Can Priming be Defeated?

Those of you that have been following our work at know we’ve been doing research into priming and how priming applies to social engineering. Priming is exposing your target to specific stimulus in order to predictably influence their behavior when exposed to future stimulus. If you are not familiar with priming, we recommend you read A Primer on Priming which provides an excellent introduction to the topic. In Priming: For Better or Worse, we show how simply priming the ‘professor’ stereotype will lead to increased performance in general knowledge testing. In Stereotype Priming, we show that individuals primed with words relating to the elderly actually walked slower than the control group. We also looked at how hostility and rudeness can be brought out in people without their conscious knowledge.

The fascinating thing about priming is that unless you’re purposely priming yourself to improve your mood (or chances of success), you won’t know when you’re being primed or who is priming you. This brings up an interesting problem. How can we protect ourselves from being primed, if we’re not aware that we’re being primed? How do we intercept signals designed to influence our unconscious mind? Peter Gollwitzer, Professor of Psychology at NYU, has answered this question for us. The trick lies not in our ability to identify the priming as it’s happening, but in what Gollwitzer calls ‘if-then plans’, or implementation intention.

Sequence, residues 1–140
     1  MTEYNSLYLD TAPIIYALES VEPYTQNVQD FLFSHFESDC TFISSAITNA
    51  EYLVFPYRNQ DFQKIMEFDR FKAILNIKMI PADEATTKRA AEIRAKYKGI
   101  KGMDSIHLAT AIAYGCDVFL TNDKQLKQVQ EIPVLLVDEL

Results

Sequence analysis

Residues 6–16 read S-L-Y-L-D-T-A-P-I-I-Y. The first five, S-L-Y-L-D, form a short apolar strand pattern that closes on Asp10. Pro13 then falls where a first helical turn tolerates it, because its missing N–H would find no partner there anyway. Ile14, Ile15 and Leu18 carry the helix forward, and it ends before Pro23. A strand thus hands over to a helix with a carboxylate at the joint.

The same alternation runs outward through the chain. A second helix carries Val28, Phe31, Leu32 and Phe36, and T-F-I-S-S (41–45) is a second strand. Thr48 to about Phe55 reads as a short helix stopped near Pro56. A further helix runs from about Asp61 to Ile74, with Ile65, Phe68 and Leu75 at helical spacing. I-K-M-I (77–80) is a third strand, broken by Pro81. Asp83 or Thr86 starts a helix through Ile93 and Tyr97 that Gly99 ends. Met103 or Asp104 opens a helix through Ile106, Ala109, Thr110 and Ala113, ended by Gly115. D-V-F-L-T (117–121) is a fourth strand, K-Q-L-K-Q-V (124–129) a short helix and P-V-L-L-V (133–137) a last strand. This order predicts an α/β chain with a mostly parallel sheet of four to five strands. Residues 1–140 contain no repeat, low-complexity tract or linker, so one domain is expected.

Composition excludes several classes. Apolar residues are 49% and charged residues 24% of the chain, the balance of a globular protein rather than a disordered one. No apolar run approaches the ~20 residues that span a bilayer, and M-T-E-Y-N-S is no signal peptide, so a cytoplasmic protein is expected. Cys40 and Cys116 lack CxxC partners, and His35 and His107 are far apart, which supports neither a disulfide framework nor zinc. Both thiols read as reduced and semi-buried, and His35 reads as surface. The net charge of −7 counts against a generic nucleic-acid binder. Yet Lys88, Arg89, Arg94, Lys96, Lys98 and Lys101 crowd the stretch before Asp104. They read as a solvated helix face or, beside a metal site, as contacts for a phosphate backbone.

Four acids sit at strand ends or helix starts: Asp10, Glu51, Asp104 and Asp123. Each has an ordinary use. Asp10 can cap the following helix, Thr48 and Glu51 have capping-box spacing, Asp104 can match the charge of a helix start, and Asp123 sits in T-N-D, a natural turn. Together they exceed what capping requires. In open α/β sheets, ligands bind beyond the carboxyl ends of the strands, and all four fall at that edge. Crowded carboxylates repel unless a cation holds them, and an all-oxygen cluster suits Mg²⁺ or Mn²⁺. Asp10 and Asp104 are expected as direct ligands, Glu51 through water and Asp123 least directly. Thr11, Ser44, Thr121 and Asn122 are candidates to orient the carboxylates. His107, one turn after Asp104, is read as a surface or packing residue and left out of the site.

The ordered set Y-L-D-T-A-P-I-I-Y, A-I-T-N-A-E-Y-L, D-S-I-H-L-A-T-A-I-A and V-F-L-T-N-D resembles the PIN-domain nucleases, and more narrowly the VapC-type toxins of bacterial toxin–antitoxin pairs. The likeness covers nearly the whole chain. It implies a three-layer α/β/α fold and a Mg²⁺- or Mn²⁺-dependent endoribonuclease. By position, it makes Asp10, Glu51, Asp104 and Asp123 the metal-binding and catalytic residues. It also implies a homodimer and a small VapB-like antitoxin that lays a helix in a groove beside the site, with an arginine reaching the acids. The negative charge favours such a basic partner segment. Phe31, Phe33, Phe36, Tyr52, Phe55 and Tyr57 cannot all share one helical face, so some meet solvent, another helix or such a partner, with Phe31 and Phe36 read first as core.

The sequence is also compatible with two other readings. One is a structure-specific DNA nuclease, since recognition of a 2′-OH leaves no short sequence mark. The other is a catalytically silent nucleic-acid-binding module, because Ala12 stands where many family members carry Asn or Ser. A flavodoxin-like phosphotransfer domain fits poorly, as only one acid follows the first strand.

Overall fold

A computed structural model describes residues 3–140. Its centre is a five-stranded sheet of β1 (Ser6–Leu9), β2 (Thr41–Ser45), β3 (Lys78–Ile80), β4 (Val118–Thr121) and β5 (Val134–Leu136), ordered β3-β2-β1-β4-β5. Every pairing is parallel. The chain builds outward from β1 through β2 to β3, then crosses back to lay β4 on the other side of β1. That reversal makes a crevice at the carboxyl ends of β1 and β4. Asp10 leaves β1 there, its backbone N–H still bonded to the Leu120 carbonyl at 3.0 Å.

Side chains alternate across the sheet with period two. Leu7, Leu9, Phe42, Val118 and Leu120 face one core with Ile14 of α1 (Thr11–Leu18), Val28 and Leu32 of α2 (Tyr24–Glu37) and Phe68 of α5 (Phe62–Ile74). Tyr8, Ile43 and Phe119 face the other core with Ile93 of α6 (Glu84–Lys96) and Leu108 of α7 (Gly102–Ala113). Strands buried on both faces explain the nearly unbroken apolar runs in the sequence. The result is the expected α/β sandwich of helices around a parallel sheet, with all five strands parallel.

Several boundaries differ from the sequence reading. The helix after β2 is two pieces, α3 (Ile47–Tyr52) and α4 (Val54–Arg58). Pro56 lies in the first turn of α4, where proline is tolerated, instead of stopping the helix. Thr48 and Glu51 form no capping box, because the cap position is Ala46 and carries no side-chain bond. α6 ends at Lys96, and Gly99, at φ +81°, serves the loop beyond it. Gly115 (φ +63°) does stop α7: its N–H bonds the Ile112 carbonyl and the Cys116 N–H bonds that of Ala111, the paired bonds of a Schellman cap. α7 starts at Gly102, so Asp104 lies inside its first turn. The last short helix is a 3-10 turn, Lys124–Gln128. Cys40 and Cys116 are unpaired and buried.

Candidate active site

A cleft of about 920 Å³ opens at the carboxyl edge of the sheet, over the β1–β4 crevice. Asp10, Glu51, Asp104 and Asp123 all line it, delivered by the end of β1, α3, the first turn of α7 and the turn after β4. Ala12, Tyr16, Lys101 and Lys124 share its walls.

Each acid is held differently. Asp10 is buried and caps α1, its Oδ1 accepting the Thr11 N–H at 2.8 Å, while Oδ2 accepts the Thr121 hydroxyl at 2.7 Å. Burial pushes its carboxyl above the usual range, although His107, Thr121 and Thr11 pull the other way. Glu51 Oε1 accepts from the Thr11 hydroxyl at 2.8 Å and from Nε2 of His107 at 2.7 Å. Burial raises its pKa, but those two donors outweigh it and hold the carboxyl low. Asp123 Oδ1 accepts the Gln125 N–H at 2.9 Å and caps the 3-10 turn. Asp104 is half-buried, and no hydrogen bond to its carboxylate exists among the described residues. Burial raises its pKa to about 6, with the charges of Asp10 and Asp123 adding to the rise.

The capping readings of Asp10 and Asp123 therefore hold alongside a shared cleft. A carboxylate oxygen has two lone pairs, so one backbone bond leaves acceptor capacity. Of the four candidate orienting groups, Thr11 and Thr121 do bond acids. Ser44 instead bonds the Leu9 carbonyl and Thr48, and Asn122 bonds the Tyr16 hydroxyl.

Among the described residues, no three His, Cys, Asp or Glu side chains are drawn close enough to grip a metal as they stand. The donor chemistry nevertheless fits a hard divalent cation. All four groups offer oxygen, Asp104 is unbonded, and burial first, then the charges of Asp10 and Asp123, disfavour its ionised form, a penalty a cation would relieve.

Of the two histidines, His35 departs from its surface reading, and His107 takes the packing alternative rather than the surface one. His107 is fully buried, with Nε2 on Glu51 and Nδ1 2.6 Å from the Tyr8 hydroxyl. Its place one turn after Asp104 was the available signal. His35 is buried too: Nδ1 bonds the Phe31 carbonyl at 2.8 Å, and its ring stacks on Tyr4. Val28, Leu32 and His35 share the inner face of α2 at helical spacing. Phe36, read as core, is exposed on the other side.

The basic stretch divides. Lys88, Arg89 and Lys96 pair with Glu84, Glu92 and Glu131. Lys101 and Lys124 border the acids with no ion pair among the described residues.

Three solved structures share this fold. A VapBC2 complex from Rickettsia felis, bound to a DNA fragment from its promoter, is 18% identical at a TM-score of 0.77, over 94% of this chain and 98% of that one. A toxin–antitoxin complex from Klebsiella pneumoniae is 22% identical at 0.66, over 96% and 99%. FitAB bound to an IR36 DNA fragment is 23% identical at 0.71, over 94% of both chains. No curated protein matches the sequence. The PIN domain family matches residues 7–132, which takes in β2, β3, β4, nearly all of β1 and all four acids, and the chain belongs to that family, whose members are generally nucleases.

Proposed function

An if-then plan is developing contingency plans for when certain events arise. It’s basically building a predetermined course of action in response to anticipated stimulus. Clearly defining and spelling out to yourself how you will react if xyz happens is the key to defeating priming and avoiding unconscious action that may not be in your best interest. Specifically defining the how, when, and where as it relates to how we’re going to react in the future is the key to success. Gollwitzer, in a series of experiments published under the title “Self-Regulation of Priming Effects on Behavior”, proves that using ‘if-then plans’ defeats priming by taking control of behavior away from the self and giving control to anticipated situational cues. He proved this through a series of experiments. Let’s take a closer look to see what we can learn from his work.

Experiment One: Fast vs Slow

The first one started out like many other priming experiments. Volunteers were divided into two groups, an A group and B group. Both groups were told to perform two unrelated tasks. Task 1 was to read a fictitious scientific article titled “The Genetic Comparability of Humans and Animals” which emphasized the similarities between humans and animals with respect to genetics. The prime was applied by referencing five animals that either exemplified slowness (slug, tortoise, hedgehog, caterpillar, and turtle) or quickness (cheetah, puma, hare, horse, and greyhound). Group A was given the slow animal prime and Group B the fast animal prime. The idea was that these primes would influence the speed at which the participants would work through the next portion of the experiment.